Circular Quay restaurant Ocean Room forced to close due to overseas passenger terminal renovation

Cramped: Pending renovations mean the closure of fine-dining venues.
Cramped: Pending renovations mean the closure of fine-dining venues. Photo: Wolter Peeters

A serious shortage of wharf space because of booming passenger cruise ship traffic, combined with an urgent need to redevelop Sydney's overseas passenger terminal, has led to the closure of another top-notch restaurant on the CBD waterfront.

After a decade of providing fine dining on the ground level of the Circular Quay terminal in The Rocks, the Japanese-themed Ocean Room says it will close because of the terminal's looming renovation.

The planned upgrade aims to provide more urgently needed wharf space and improve the building's efficiency in processing passengers and receiving ships.

The terminal is regarded as one of the world's most desirable and spectacular cruise locations because of its proximity to the CBD, Opera House and Harbour Bridge. Ocean Room's neighbouring restaurant Wildfire will close on Saturday after its lease was also compulsorily acquired by the state government-owned Sydney Ports.

A spokeswoman for Ports Minister Duncan Gay said ''two restaurants are affected'' by the planned redevelopment, meaning the three-hatted Quay restaurant and Cruise Bar will be spared.

An Ocean Room spokesman said staff felt no ''sour grapes'' about the closure as they had known the terminal would be upgraded one day. ''It's regrettable because it's such a beautiful spot, but we're very respectful of the decision and always understood that this day could come,'' he said.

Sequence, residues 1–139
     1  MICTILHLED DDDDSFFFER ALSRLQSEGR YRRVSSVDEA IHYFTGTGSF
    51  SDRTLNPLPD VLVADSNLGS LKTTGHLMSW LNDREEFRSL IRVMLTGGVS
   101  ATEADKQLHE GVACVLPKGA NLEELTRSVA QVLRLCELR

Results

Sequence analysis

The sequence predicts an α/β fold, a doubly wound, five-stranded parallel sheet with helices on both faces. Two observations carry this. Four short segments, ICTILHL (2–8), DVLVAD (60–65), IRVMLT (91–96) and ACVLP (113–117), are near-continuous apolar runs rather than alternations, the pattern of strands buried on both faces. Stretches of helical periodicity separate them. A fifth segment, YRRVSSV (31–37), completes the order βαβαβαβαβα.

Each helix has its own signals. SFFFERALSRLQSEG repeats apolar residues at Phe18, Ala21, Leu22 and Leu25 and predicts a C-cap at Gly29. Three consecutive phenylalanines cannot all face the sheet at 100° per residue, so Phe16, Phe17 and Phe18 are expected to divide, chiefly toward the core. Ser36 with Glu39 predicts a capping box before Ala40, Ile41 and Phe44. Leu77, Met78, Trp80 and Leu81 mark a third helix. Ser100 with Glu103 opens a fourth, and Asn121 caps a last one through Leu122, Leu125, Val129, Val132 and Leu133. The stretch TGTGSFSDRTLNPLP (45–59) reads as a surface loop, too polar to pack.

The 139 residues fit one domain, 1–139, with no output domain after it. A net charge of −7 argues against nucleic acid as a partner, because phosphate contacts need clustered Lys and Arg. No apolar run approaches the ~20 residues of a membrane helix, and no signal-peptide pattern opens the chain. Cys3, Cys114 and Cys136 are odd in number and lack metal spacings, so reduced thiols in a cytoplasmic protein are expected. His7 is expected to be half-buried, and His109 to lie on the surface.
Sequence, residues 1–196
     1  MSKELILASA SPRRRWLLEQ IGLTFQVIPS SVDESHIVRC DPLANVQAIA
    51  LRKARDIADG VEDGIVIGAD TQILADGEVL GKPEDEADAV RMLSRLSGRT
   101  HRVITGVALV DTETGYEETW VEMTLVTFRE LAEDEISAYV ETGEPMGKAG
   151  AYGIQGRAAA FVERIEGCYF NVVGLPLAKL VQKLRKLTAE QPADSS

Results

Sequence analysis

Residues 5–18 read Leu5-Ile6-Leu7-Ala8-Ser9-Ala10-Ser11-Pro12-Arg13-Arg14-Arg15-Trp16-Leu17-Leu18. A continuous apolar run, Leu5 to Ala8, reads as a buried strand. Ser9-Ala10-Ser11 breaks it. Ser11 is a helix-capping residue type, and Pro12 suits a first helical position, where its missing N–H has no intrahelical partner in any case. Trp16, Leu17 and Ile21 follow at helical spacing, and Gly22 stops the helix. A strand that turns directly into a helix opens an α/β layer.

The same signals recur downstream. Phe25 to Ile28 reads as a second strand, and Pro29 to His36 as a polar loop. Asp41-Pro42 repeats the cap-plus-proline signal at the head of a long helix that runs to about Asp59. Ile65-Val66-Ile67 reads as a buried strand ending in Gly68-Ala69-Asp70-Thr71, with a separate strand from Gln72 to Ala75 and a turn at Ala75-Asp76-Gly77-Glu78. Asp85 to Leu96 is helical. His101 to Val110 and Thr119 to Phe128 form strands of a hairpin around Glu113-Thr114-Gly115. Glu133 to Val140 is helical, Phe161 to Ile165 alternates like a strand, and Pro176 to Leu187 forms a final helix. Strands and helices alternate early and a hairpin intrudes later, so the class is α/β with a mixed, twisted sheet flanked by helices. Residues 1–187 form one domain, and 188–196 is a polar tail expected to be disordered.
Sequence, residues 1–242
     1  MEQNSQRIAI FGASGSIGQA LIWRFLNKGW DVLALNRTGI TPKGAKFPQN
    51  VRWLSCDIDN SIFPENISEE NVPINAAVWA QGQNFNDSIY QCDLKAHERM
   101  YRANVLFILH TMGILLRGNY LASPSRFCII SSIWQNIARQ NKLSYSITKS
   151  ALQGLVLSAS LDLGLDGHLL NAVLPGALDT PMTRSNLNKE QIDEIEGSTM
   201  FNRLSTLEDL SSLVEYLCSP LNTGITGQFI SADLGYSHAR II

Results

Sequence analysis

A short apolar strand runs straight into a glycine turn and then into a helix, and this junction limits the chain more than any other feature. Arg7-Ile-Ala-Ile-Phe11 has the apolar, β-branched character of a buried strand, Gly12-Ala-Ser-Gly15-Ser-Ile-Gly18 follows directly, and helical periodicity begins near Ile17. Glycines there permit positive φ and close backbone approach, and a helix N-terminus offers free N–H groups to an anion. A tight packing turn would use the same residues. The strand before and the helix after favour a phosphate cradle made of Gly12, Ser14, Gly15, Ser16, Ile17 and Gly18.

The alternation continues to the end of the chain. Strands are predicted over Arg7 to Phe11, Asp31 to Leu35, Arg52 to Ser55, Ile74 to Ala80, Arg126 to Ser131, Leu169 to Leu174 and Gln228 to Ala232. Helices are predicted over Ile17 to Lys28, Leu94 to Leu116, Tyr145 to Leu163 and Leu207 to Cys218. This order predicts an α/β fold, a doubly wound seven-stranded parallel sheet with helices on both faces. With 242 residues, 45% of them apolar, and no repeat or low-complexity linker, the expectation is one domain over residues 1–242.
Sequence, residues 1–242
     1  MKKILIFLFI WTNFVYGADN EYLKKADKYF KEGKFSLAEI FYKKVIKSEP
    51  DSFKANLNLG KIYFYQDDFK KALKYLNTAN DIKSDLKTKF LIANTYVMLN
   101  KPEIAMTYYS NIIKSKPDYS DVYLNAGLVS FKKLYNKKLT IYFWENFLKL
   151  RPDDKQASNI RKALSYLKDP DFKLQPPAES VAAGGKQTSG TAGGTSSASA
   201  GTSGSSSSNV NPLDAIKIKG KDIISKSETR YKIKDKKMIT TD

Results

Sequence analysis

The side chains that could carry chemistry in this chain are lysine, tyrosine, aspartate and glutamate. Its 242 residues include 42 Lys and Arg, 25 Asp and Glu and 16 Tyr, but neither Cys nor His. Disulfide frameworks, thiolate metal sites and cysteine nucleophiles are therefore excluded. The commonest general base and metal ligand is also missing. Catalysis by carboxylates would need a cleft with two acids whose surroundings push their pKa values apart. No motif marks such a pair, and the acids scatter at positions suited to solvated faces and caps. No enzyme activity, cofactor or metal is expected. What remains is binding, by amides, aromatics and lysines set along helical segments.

The restaurant employs 40 staff and its parent company Zetton is considering other sites in Australia to open another Ocean Room.

The number of cruise ship visits to Sydney has risen by more than sixfold in the past 10 years.

In February alone, 25 cruise ships visited Sydney 39 times, with 22 of those visits involving a berthing at the overseas passenger terminal.


The increased demand for cruise ship berths has left one of the biggest lines to service Sydney, Royal Caribbean, seeking to negotiate the docking of its passenger ships after 2015 with the operators of Port Botany.

It is understood that Royal Caribbean would prefer to berth its ships at Port Botany than be forced, as a result of the paucity of available wharfs, to anchor ships in the middle of Sydney Harbour and have to ferry passengers to and from the shore on launches.

A reported $50 million has been set aside for the overseas terminal's redevelopment. This has not been officially announced.

It is not known when work will start but a notice on the terminal's website says that its main function centre will be closed for redevelopment of the building from the end of March to late October, the low season for the international cruise ship industry.